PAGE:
Originally Posted by chadster21
to the guy that said a 6'' is to big youre in the wrong section of the forum
if youre lookin for fuel mileage and a nice lookin lifted truck at the same time, as indicated above gears and tuner is everything. i have a combined lift amounting to 10'' on 37s and with a cai exhaust and a tuner i am getting 14-15 mpg. before the tuner i was at like 10-11 ish (these numbers arent set in stone i rarely drive my truck so it fluctuates alot on how i am driving).
another big things is which tires you pick... my 37'' toyos are heavy. you can get a 40'' swamper that is lighter than my 37. so that plays a major factor aswell.
now get it lifted and get us some pics
This post was originally put in the 2013 Ram general section.
And regardless, even being in the lift section now, you don't think people have the right to their opinion and that only those who want an 8"-10" lift are correct? I like a lightly lifted truck especially if it's never going to see the kind of terrain that a larger lift is needed for.
Same goes with the reverse in performance cars. I don't like a slammed to the ground car either.
A nice 1-1.25" drop for many cars, just to close up the wheel well gap and lower the center of gravity a bit looks sweet. If they can't go over speed bumps and bottom out over the smallest road bump, to me that is not what I'd want.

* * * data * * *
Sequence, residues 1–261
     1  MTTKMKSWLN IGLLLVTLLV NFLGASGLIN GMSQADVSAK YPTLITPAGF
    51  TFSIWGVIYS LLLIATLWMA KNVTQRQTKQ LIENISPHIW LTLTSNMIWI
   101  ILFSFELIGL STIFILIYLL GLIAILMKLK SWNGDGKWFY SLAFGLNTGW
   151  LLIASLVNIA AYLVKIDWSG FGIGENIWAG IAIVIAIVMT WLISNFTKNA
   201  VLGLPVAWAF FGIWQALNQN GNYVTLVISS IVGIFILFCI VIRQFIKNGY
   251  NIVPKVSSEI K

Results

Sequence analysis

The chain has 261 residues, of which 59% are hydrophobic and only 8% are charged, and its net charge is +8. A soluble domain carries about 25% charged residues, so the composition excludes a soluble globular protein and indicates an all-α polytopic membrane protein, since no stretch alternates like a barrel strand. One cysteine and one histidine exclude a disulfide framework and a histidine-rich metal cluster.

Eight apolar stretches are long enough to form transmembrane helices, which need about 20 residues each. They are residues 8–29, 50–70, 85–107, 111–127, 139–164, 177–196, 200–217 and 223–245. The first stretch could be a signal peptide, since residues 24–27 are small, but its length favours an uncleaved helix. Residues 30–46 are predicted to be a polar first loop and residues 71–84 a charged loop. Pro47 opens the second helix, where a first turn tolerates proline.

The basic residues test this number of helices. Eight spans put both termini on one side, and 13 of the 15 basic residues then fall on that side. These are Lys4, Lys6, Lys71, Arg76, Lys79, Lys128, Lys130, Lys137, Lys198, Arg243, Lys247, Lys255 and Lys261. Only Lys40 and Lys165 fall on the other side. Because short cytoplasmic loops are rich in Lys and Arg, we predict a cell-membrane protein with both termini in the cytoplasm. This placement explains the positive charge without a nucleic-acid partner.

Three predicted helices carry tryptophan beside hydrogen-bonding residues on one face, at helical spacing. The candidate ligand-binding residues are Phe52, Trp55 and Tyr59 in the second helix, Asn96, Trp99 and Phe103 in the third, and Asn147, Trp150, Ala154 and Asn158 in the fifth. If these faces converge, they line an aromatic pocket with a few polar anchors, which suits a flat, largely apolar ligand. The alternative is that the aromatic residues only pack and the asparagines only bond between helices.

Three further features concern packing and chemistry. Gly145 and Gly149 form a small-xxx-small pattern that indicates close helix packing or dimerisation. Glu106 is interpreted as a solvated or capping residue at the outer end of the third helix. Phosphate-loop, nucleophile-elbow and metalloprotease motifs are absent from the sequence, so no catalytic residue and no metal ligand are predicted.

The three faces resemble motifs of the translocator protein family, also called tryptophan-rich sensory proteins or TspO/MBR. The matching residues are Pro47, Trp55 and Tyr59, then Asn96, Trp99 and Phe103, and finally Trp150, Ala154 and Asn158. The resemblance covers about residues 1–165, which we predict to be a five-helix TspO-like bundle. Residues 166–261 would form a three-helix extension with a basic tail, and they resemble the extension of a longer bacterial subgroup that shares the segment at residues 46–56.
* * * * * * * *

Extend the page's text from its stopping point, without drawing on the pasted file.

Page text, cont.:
You are correct about tire weight too.
The more they weigh the more rotational mass their is. That is important because it takes more power to get them rolling.
Also what has not been stated, but what I implied by cutting into highway miles with the lift and bigger tires is aerodynamics and rolling resistance.
The bigger, wider tires not only are brick walls for the wind, but have a much larger contact patch with the road. And that generates friction.
Friction cuts into power and therefore cuts into fuel economy.
As I originally stated, you will never get better fuel economy alone by lifting and putting bigger tires on your truck, highway or city.
As others have stated, a tuner can correct much of it, but personally I've always used tuners for more power, which has always meant it cuts into my fuel economy. But a good tune (and tuner) can adjust the settings so you do get better fuel economy to offset a lot of your loses from the lift and big tires.